Bibliography; Roger Arliner Young

September 13th, 2011

Primary Sources:

Heilbrunn, L. V., and Roger A. Young. “Indirect Effects of Radiation on Sea Urchin Eggs.”

Biological Bulletin (1935).

This is Roger Arliner Young and L. V. Heilbrunn’s scientific journal of their experiment “Indirect Effects of Radiation on Sea Urchin Eggs.” This experiment concluded that when sea urchin eggs are in the presence of ovarian tissue the effect of the radiation is more pronounced. This source does not necessarily give information about Young’s life or hardships, however it shows he passion and interest in zoology.  This is proof that women and men are equally as talented in biology.  This is a primary source, therefore it is very reliable and accurate.

 

Secondary Sources:

Davis, Veronica A. “Roger Arliner Young.” Inspiring African American Women of Virginia. New

York: IUniverse, 2005. 249-51. Web.

This source was available on Google Books.

Roger Arliner Young was very successful although she faced many challenges in her life.  She was a good student until she found her course load to be unbearable to keep up with while supporting her ill mother and herself.  In order to do so, she began to sell her works.  This act of desperation proved to be a huge accomplishment allowing Young to become one of the leading female biologist of her era.  This source has a list of her accomplishments by date, as well as her published works and memberships.  This is a very helpful and reliable source.

 

Manning, Kenneth R. “Roger Arliner Young: Scientist.” Sage: A Scholarly Journal on Black 

Women. 6, no. 2 (Fall 1989) 3-7.

This section regarding Young and Just was published online and can be found at http://www.aaregistry.org/historic_events/view/roger-young-groundbreaking-zoologist.

This source discusses many of the problems and difficulties Young faced. “Her story is one of grit and perseverance” due to the fact she was juggling research, teaching, and caring for her invalid mother.  This source then discusses her studies at Howard University under Ernest Everett Just.  After accomplishing so much and becoming the first African American woman to receive a doctorate in zoology, she was fired for missing class and mistreating lab equipment.  This excerpt shows the struggles Young faced and the relationships she built along the way.

 

Manning, Kenneth R. The Society: Race, Gender and Science. History of Science Society, 1995.

Print.

This section regarding race and gender in science can be found online at http://www.hssonline.org/about/society_manning.html.

The Society discusses “the emergence and experience of women and African Americans as working scientists and as members of the scientific community.” This source writes about individual biographies and experience as well as an overview of social and cultural content.  Many African American scientists, both male and female, faced racial discrimination and were handicapped by who they were.  Young in particular faced financial problems and anxiety to the point where she was placed in a mental hospital.  This source was very well written and accurate when placed against other sources.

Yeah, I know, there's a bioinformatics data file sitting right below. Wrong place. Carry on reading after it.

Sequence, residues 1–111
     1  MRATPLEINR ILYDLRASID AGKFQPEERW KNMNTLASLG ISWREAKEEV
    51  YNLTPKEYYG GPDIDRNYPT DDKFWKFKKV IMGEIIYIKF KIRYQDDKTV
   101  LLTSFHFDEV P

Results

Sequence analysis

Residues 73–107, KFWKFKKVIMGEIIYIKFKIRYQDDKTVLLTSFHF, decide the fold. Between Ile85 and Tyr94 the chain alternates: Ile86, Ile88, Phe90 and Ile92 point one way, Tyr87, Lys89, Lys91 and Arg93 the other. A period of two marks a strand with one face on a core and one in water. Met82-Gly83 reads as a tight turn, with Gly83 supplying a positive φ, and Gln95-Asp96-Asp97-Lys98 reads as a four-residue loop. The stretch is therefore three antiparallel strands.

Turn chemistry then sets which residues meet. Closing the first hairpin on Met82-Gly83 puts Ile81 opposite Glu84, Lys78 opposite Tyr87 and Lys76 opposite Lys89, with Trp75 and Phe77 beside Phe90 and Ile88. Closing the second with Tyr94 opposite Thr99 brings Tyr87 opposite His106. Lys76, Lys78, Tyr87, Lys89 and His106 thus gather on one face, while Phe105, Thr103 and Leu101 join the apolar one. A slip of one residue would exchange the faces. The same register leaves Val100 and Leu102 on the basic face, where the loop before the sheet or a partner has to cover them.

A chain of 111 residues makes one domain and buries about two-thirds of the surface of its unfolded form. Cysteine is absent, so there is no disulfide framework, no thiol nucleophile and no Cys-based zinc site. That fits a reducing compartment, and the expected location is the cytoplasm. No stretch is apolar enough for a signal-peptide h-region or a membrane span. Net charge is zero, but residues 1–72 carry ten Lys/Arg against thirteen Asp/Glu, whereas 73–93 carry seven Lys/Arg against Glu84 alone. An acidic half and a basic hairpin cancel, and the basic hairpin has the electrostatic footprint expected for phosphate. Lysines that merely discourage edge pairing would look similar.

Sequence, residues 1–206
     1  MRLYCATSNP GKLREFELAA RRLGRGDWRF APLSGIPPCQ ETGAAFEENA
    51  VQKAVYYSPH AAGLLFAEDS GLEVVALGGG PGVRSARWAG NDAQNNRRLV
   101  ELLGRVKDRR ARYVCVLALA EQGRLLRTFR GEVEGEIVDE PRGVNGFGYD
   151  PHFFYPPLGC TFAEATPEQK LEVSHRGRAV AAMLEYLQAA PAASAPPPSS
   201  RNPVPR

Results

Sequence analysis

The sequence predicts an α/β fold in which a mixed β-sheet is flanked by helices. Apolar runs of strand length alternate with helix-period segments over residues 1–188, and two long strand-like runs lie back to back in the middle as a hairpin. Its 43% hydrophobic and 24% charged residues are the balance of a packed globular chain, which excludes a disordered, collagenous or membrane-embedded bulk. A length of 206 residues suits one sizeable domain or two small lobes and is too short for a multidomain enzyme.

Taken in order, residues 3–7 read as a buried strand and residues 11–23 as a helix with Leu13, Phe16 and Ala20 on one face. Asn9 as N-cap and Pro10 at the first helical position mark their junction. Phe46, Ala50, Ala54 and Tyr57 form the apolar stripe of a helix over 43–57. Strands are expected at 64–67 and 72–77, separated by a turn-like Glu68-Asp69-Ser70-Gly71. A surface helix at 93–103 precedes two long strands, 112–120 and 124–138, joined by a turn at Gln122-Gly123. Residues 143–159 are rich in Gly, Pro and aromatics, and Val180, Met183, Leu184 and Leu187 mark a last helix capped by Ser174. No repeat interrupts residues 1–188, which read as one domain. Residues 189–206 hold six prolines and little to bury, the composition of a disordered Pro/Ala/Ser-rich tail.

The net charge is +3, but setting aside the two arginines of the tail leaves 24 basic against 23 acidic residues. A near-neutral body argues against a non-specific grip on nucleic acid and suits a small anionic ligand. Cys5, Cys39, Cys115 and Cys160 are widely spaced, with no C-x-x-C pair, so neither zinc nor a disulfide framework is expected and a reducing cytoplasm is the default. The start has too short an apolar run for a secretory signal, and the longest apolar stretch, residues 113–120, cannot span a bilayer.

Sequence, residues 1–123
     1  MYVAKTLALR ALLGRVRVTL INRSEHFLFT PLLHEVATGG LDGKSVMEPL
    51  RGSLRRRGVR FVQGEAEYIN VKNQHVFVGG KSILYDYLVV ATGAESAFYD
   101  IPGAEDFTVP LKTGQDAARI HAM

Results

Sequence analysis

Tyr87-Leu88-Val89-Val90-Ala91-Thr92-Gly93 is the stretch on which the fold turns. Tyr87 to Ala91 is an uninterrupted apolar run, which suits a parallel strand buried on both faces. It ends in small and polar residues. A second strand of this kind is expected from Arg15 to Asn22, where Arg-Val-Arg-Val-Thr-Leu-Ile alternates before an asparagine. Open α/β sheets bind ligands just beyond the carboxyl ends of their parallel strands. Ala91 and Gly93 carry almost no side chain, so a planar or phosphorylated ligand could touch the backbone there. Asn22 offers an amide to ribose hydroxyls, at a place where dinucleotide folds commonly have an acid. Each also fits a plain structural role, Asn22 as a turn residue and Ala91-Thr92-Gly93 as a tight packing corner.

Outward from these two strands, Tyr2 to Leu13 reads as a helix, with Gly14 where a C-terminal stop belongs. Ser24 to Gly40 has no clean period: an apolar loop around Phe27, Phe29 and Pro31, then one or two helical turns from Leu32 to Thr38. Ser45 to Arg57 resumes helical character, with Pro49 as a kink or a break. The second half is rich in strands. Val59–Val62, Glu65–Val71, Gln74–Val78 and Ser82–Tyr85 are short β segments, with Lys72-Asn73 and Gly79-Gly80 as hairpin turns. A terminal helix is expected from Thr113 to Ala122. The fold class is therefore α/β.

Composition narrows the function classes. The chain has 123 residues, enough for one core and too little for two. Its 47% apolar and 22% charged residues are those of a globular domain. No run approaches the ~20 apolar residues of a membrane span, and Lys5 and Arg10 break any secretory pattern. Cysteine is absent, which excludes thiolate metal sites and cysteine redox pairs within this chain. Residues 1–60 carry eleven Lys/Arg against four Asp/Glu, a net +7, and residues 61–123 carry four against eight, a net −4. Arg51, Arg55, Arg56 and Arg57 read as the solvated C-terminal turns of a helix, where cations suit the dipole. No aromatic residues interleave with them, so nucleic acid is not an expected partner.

Warren, Wini. Black Women Scientists in the United States. Bloomington: Indiana University

Press, 1999. 287-295. Print.

This source discussed the relationship and works between Young and Just.  It quotes Young directly and gives the reader insight to her feelings of stress, exhaustion, and thoughts of failure during her experiments.  Near the end of Young’s career she faced many problems with Just.  His had a negative attitude toward her resulted in the termination of her work in 1936. This source was very helpful because it gives the reader quotes from Young and the difficulties she faced.

 

Tertiary Sources:

Proffitt, Pamela. “Roger Arliner Young.” Notable Women Scientists. Detroit: Gale Group, 1999.

635-37. Print.

This resource provides general information regarding Young’s early education through her post doctorate career.  This source does not necessarily go in depth about Young’s life and accomplishments, however it summarizes important events. Each of the six sections are cohesive and easy to understand, allowing the reader quick access to Young’s life.  This tertiary source was very helpful by pointing the reader to other secondary sources.

Roger Arliner Young (1899–1964); Zoologist Introduction

September 1st, 2011

Hello, my name is Christine Valvo and I am currently a freshmen at the University of Mary Washington.  This site is an aggregate of work I have submitted to my Freshman Seminar (FSEM 100 F8 Beauty and Brains–Women in the Sciences). I have investigated and wrote about Roger Arliner Young.  These posts are an attempt to share my knowledge, information, and interests.  I have been exploring her life, contributions, and the impact and challenges she faced during her career.  These posts should not be used as primary reference material for any academic work (e.g., class paper).   A bibliography of relevant sources is posted as a reference guide for others.

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